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Adam Fratto Introduction Overweight and obesity are major causes of morbidity and mortality in the United States.

Obesity is the second leading cause of preventable deaths in the U.S. (Get Fit Foundation, 2012), contributing to approximately 100,000 400,000 deaths annually (Blackburn & Walker, 2005). Obesity-related conditions include heart disease, stroke, hypertension, osteoarthritis, type-2 diabetes, and certain types of cancer (CDC, 2012). The United States has the highest rate of obesity of all the countries in the world. Obesity rates have risen from 15% in 1962, to 24.5% in 2004, to 33% in 2008 (CDC, 2012). In 2006 it was estimated that in the U.S., 66% of adults are overweight and 32% are obese (Ogden et al, 2006). In addition to health problems, medical costs associated with obesity are estimated at $147 billion (Finkelstein et al, 2009). Roughly half of all obesity related costs are financed by Medicaid and Medicare. It has been estimated that obese people have medical spending that is $1,429 greater than spending for normal-weight people (Finkelstein et al, 2009). There are also indirect costs associated with overweight and obesity, including decreased productivity, restricted activity, absenteeism, and bed days (CDC, 2012). These alarming statistics show how dangerous overweight and obesity is in America. In this paper, I will argue that overweight and obesity is the most dangerous epidemic in America. Overweight & Obesity The CDC defines overweight and obesity as labels for ranges of weight that are greater than what is generally considered healthy for a given height. The terms also identify ranges of weight that have been shown to increase the likelihood of certain diseases and other health problems (CDC, 2012). These ranges are determined by using weight and height to calculate the 1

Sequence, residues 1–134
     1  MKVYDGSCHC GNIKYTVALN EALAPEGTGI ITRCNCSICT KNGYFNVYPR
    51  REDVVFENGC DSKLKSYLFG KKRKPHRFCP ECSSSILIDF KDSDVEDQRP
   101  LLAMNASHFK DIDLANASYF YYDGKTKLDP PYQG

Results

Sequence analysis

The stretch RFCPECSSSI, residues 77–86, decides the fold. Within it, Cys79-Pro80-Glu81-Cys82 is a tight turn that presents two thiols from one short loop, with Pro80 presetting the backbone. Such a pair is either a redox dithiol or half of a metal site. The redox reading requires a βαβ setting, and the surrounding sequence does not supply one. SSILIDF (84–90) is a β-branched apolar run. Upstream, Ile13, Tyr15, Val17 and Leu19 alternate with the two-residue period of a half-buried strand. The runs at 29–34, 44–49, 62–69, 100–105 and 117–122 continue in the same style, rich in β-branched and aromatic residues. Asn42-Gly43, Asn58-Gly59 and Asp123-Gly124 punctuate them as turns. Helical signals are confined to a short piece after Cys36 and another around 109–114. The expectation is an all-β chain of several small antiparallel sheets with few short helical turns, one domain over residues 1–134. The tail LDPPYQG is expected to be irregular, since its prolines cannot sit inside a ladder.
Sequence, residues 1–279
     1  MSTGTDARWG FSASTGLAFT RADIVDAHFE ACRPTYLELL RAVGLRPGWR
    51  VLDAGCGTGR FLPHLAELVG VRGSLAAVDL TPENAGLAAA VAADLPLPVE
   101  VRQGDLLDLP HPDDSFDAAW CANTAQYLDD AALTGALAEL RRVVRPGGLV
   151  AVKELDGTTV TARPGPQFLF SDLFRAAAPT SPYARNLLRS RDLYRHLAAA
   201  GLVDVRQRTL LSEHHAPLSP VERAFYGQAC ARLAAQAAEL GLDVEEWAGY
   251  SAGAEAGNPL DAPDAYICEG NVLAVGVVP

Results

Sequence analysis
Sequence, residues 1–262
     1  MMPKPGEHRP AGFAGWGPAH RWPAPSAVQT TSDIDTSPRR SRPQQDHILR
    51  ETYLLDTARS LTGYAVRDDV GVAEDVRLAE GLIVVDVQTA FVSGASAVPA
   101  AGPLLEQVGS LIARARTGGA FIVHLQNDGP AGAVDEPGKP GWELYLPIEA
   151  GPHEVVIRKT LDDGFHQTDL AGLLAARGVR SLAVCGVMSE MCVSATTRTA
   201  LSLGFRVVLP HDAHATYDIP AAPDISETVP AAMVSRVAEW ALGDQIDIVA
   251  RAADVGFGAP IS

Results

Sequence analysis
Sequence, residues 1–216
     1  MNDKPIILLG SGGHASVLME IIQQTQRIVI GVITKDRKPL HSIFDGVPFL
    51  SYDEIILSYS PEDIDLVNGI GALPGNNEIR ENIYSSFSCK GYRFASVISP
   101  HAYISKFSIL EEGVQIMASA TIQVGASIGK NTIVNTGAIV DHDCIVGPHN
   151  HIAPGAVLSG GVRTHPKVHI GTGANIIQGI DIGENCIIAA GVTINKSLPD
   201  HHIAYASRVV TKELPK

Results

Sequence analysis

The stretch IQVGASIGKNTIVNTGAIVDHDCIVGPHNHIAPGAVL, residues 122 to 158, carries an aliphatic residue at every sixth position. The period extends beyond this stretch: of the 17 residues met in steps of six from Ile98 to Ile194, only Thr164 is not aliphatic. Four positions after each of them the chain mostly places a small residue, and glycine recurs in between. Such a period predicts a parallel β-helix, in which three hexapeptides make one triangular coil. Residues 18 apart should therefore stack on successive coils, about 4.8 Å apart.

Adam Fratto body mass index, or BMI. Although BMI does not directly measure body fat, for most people it correlates with their amount of body fat. An adult to who has a BMI between 25 and 29.9 is considered overweight and an adult who has a BMI of 30 or higher is considered obese (CDC, 2012). Other indicators of potential health risks associated with being overweight or obese include waist circumference, high blood pressure, and physical inactivity (National Heart, Lung, and Blood Institute, 2012). Body weight is the result of genetics, behavior, culture, and socioeconomic status; with behavior and environment playing the largest role (CDC, 2012). For the majority of individuals, overweight and obesity are a result of excessive calorie consumption and/or inadequate physical activity (Office of the Surgeon General, 2001). The CDC states that overweight and obesity result from an energy imbalance which involves eating too many calories and not getting enough physical activity (2012). Currently, 78% of Americans are not meeting the basic activity level recommendations (Get Fit Foundation, 2012). Diet It has been proven that dietary choices can have profound consequences for health (WHO, 1990). Dietary guidelines recommend balancing calories with physical activity to manage weight. It is also recommended to consume nutrient rich foods, such as fruits, vegetables, whole grains, fat-free and low-fat dairy products, and seafood (health.gov, 2011). Currently, only 3% of all individuals meet four of the five recommendations for the intake of grains, fruits, vegetables, dairy products, and meats (HHS, 2000). The current American diet consists of hamburgers, french fries, donuts, highly processed and packaged foods, and other foods that are low in nutrients and high in calories.